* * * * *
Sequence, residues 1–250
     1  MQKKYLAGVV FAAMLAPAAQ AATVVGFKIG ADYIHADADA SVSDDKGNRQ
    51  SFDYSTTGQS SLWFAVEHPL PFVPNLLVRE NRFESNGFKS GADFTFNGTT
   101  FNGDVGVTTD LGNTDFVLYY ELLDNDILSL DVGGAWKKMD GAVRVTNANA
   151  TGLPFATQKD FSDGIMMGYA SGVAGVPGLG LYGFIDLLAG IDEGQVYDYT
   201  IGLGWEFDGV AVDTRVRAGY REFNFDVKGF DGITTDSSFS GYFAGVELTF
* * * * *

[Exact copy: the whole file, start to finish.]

Sequence, residues 1–250
     1  MQKKYLAGVV FAAMLAPAAQ AATVVGFKIG ADYIHADADA SVSDDKGNRQ
    51  SFDYSTTGQS SLWFAVEHPL PFVPNLLVRE NRFESNGFKS GADFTFNGTT
   101  FNGDVGVTTD LGNTDFVLYY ELLDNDILSL DVGGAWKKMD GAVRVTNANA
   151  TGLPFATQKD FSDGIMMGYA SGVAGVPGLG LYGFIDLLAG IDEGQVYDYT
   201  IGLGWEFDGV AVDTRVRAGY REFNFDVKGF DGITTDSSFS GYFAGVELTF